Benedict Arnold (January 14, 1741 [O.S. January 3, 1740] – June 14, 1801) was an American military officer who served as a general during the American Revolutionary War, fighting for the American Continental Army before defecting to the British in 1780. George Washington had given him his fullest trust and placed him in command of the fortifications at West Point, New York. Arnold planned to surrender the fort to British forces, but the plot was discovered in September 1780 and he fled to the British. His name quickly became a byword in the United States for treason and betrayal because he led the British army in battle against the very men whom he had once commanded.
Arnold was born in the Connecticut Colony and was a merchant operating ships on the Atlantic Ocean when the war began in 1775. He joined the growing army outside Boston and distinguished himself through acts of intelligence and bravery. His actions included the Capture of Fort Ticonderoga in 1775, defensive and delaying tactics at the Battle of Valcour Island on Lake Champlain in 1776 which allowed American forces time to prepare New York's defenses, the Battle of Ridgefield, Connecticut (after which he was promoted to major general), operations in relief of the Siege of Fort Stanwix, and key actions during the pivotal Battles of Saratoga in 1777, in which he suffered leg injuries that halted his combat career for several years.
Arnold repeatedly claimed that he was passed over for promotion by the Continental Congress, while other officers obtained credit for some of his accomplishments. Others in his military and political circles brought charges against him of corruption or other malfeasance, but most often he was acquitted in formal inquiries. Congress investigated his accounts, however, and concluded that he was indebted to Congress, and he borrowed heavily to maintain a lavish lifestyle.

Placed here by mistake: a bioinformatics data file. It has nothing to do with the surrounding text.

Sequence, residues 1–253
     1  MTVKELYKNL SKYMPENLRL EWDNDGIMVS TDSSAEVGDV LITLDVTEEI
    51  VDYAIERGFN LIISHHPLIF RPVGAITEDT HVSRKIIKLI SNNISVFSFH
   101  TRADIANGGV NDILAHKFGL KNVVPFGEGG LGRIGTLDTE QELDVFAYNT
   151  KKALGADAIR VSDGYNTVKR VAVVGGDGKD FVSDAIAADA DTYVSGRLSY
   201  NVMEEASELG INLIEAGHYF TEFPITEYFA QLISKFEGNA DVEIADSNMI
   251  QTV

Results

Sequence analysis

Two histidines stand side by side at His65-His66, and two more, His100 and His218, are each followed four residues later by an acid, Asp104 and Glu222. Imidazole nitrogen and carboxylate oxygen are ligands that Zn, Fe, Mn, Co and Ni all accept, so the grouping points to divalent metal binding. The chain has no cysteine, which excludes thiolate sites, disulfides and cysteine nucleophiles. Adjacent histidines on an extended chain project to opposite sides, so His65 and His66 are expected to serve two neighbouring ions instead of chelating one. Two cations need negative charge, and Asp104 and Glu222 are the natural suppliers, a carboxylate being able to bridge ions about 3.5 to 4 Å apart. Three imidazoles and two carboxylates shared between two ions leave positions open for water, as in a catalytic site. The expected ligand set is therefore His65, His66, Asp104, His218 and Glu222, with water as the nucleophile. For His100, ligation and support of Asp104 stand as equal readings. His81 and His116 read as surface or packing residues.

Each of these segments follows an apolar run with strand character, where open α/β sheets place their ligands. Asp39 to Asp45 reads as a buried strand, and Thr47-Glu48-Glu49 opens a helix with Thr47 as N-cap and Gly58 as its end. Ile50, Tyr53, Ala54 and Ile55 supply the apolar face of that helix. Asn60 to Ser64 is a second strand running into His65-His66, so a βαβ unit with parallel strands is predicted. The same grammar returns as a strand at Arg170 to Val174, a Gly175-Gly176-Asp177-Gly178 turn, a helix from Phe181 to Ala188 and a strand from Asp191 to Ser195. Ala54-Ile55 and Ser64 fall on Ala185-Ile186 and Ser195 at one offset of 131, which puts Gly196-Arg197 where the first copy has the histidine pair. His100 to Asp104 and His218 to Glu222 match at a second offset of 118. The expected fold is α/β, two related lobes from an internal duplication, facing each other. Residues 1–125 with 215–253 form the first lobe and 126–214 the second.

Arnold mingled with Loyalist sympathizers in Philadelphia and married into one such family by marrying Peggy Shippen. She was a close friend of British Major John André and kept in contact with him when he became head of the British espionage system in New York. Many historians point to her as facilitating Arnold's plans to switch sides; he opened secret negotiations with André, and Peggy relayed the messages. The British promised £20,000 for the capture of West Point, a major American stronghold; Washington greatly admired Arnold and gave him command of that fort in July 1780. His scheme was to surrender the fort to the British, but it was exposed in September 1780 when Patriot militia captured André carrying papers which revealed the plot. Arnold escaped and André was hanged.
Arnold received a commission as a brigadier general in the British Army, an annual pension of £360, and a lump sum of over £6,000. He led British forces on raids in Virginia, and they burned much of New London, Connecticut, to the ground and slaughtered surrendering forces after the Battle of Groton Heights—just a few miles downriver from the town where he had grown up. In the winter of 1782, he and Peggy moved to London, England. He was well received by King George III and the Tories but frowned upon by the Whigs and most Army officers. In 1787, he moved to Canada to a merchant business with his sons Richard and Henry. He was extremely unpopular there and returned to London permanently in 1791.